What’s your hurry?

We’re generally mindful of the construction zone speed limits now placed on Interstate 94 in the east metro, even though going 45 mph is risky business for the law-abiding. One can almost read the texts on the phones of the drivers behind.

On Friday, several cars went racing past — police K-9 units from Wisconsin, Burnsville, St. Paul, and some other suburbs. They weren’t on an emergency call; it’s just that 45 mph is just too slow for important people who have places to be.

That doesn’t stop MnDOT from continuing to ask people to slow down, as it does again in Tim Harlow’s column in the Star Tribune, focusing on I-94 on the other side of the Twin Cities.

Here’s the part that surprised us at first: MnDOT pays the State Patrol to enforce the speed limit.

MnDOT is paying the patrol $75 to $100 an hour to watch over the work zone at various times of the day and tag leadfoots. A trooper nabbed one driver clocked at 74 mph where the speed limit is 55. Troopers have also cited drivers for other violations such as not wearing a seat belt, drifting over lanes and driving with a suspended driver’s license, said Lt. Tiffani Nielson.

“Blue and red lights are our saving grace,” said John Sloan, project manager for PCI Roads, the company MnDOT hired to carry out the $46 million project to repair 50 bridges and resurface the road. Police presence and the threat of a $300 fine for drivers caught speeding in a cone zone might have the desired effect. “If traffic reacted the same way to orange lights, there would be a different story here.”

Presumably, the State Patrol officers being paid are off-duty and working overtime shifts.

“I see people fly by me all day long,” Sloan said. “People don’t listen to the speed limit. They get in the habit of going 70 in a 60, and now there are workers and 30,000-pound machines right next to the driving lane. There are a lot of hazards there and the workers feel unsafe. There just seems to be a lack of common sense.”

And math skills. Driving at 60 instead of 45 through the duration of the east side’s project from Woodbury to St. Paul saves about 60 seconds.

No workers have been killed on the I-94 project since it started last year and resumed a few weeks ago.

  • Anna

    Years ago as a rehab nurse, I took care of a highway worker who was thrown 300 feet by a driver speeding through a work zone in Winona, MN.

    His left leg was shattered by the accident and he was in a coma from head injuries for 2 months. He was just lucky to be alive. His height (6’3″) is likely what saved him. Someone of shorter stature would have been killed on impact.

    What is so damn important that you can’t slow down in a work zone? Is it worth the life of someone else just doing their job?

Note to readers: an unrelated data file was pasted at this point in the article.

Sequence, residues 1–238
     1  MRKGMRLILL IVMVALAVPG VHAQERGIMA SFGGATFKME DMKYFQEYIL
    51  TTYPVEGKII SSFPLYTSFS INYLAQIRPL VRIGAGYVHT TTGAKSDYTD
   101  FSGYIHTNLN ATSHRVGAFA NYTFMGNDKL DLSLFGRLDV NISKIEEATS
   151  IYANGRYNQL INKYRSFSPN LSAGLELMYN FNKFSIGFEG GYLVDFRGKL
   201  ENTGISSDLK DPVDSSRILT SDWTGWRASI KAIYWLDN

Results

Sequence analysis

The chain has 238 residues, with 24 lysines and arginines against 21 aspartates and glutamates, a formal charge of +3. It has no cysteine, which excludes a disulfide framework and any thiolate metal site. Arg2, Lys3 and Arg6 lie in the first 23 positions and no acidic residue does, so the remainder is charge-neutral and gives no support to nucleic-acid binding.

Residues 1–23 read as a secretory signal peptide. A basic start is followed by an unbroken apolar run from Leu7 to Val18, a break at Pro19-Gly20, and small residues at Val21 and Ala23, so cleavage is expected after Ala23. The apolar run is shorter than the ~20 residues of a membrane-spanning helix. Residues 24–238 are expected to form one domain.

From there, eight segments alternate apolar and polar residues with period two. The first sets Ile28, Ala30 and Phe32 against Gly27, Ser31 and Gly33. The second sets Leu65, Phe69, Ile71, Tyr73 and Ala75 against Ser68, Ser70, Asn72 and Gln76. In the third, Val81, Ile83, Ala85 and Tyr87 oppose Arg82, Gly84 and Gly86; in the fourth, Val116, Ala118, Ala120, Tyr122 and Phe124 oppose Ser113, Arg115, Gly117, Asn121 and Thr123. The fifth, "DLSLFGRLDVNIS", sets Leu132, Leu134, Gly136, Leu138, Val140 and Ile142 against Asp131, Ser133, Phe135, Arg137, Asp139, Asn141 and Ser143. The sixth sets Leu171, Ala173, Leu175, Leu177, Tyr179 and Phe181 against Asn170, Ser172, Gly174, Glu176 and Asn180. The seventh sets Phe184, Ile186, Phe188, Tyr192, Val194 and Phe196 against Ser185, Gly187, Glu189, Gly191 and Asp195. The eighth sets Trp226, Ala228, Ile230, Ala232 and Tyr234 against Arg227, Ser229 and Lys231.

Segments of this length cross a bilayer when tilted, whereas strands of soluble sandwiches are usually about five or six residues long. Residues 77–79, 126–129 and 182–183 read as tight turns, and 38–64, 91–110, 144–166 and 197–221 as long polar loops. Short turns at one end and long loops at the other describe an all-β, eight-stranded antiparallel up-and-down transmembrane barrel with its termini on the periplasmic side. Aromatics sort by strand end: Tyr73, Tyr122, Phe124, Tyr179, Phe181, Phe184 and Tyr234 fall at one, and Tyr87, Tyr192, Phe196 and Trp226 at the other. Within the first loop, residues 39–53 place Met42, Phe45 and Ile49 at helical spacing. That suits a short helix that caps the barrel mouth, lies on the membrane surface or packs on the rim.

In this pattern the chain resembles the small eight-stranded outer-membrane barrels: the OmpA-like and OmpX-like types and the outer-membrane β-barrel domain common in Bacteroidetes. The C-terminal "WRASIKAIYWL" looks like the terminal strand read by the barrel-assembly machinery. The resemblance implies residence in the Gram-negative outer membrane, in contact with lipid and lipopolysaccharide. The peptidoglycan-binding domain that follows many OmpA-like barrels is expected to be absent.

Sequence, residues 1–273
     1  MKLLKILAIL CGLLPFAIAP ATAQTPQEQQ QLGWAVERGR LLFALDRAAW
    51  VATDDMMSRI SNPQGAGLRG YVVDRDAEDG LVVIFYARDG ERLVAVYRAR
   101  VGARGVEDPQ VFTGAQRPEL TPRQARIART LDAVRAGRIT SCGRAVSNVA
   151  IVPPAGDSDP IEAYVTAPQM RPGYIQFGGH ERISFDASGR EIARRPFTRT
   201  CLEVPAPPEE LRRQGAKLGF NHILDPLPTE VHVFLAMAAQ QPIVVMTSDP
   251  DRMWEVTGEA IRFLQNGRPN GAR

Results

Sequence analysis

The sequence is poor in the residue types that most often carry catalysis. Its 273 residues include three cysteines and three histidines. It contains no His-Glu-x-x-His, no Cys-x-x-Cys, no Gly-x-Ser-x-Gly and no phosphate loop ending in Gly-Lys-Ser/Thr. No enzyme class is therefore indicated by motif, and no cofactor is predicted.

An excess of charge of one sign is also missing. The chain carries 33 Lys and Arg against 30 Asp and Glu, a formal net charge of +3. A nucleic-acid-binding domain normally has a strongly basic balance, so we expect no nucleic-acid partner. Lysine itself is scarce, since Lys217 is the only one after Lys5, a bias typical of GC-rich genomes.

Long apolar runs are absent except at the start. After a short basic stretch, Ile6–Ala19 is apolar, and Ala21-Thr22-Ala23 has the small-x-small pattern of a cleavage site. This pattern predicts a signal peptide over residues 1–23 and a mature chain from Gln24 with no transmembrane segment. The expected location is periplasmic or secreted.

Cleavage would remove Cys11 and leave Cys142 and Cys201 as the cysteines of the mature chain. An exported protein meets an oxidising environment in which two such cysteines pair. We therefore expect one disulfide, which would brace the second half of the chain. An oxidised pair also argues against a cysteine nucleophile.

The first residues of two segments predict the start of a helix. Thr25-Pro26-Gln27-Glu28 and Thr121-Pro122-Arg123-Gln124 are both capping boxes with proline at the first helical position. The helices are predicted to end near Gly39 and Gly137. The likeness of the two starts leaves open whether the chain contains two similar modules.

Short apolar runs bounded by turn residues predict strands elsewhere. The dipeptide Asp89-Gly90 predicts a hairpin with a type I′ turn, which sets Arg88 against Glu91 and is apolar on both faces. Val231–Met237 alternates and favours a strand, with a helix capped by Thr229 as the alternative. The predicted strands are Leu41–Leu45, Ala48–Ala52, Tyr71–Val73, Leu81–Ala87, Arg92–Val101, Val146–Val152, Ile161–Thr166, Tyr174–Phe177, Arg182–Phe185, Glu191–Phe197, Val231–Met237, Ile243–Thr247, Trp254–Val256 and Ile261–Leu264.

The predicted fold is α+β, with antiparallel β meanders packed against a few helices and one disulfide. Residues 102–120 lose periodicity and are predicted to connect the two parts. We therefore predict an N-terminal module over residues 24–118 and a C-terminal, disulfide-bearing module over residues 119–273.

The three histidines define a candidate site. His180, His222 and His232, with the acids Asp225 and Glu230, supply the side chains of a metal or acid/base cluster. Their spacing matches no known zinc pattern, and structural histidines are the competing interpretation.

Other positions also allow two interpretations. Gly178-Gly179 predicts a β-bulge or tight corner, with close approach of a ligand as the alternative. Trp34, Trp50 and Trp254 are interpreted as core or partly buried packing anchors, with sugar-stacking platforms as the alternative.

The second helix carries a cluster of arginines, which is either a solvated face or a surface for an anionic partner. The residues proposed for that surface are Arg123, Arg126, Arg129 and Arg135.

Leave 15 minutes earlier for your commute into work or take alternative routes.

    These guys work in all kinds of weather, including summer heat waves. They deserve your consideration and respect.

    Like the MNDot signs say “Give ’em a brake!”

    • Al

      It shouldn’t take a reminder like this, but sometimes it does. Thanks.

  • jon

    $75-$100 an hour, each ticket net’s $300…
    Base pay for a trooper is something like $25 an hour… let’s assume it’s over time, double time even, $50 an hour… (that bit of rounding should accommodate, that some troopers probably aren’t getting base pay.)
    Presumably an officer can get more than one ticket in per hour.

    who gets to pocket the extra cash?

  • Jack

    Maybe it’s time to lower the speed limit as suggested in the article. Maybe that would get the point across.

    I went through that zone a couple weekends ago and was surprised that the speed limit hadn’t been adjusted.

  • Will

    On my walk last Friday evening I was almost hit by a driver who just wasn’t paying attention, he wasn’t on his phone and the sun wasn’t in his eyes, he just flat out didn’t bother to look to his left. It was so close I ended up having to put my hand on the hood and yell at him to stop. The guy seemed surprised to see me, he didn’t roll down his windows, he didn’t apologize and he seemed to be an older guy so maybe he just couldn’t see or was just inattentive with his driving. Everyone should pay attention while driving, be aware of your surroundings!

    • There was an interesting point in the Car Talk Q&A in the Saturday Strib which I hadn’t though of before. Because of the need to improve gas mileage, car designers are slanting the windshields more and more for aerodynamic reasons. The unintended consequence of this is that the roof posts create tremendous blind spots now on the left and right and drivers haven’t compensated by being more careful on left and right turns.